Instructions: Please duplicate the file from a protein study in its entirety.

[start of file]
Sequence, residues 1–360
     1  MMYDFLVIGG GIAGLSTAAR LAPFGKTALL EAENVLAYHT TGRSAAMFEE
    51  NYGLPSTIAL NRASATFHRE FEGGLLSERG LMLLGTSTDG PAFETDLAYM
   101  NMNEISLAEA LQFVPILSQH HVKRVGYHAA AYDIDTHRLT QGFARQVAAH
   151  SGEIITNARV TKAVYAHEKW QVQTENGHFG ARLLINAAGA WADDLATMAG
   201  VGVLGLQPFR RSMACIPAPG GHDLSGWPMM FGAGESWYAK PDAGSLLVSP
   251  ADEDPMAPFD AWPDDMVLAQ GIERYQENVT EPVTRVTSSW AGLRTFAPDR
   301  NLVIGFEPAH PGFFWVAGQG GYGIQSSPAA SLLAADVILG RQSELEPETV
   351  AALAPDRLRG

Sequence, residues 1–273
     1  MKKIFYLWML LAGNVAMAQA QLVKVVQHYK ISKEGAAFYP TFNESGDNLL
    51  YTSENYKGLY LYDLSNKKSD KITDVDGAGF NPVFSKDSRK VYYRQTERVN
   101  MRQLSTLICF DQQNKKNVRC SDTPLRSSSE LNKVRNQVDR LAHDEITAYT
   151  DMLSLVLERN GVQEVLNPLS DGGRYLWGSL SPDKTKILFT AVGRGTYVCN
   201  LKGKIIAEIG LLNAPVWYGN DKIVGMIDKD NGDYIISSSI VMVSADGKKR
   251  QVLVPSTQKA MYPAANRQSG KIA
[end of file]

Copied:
Sequence, residues 1–360
     1  MMYDFLVIGG GIAGLSTAAR LAPFGKTALL EAENVLAYHT TGRSAAMFEE
    51  NYGLPSTIAL NRASATFHRE FEGGLLSERG LMLLGTSTDG PAFETDLAYM
   101  NMNEISLAEA LQFVPILSQH HVKRVGYHAA AYDIDTHRLT QGFARQVAAH
   151  SGEIITNARV TKAVYAHEKW QVQTENGHFG ARLLINAAGA WADDLATMAG
   201  VGVLGLQPFR RSMACIPAPG GHDLSGWPMM FGAGESWYAK PDAGSLLVSP
   251  ADEDPMAPFD AWPDDMVLAQ GIERYQENVT EPVTRVTSSW AGLRTFAPDR
   301  NLVIGFEPAH PGFFWVAGQG GYGIQSSPAA SLLAADVILG RQSELEPETV
   351  AALAPDRLRG

Sequence, residues 1–273
     1  MKKIFYLWML LAGNVAMAQA QLVKVVQHYK ISKEGAAFYP TFNESGDNLL
    51  YTSENYKGLY LYDLSNKKSD KITDVDGAGF NPVFSKDSRK VYYRQTERVN
   101  MRQLSTLICF DQQNKKNVRC SDTPLRSSSE LNKVRNQVDR LAHDEITAYT
   151  DMLSLVLERN GVQEVLNPLS DGGRYLWGSL SPDKTKILFT AVGRGTYVCN
   201  LKGKIIAEIG LLNAPVWYGN DKIVGMIDKD NGDYIISSSI VMVSADGKKR
   251  QVLVPSTQKA MYPAANRQSG KIA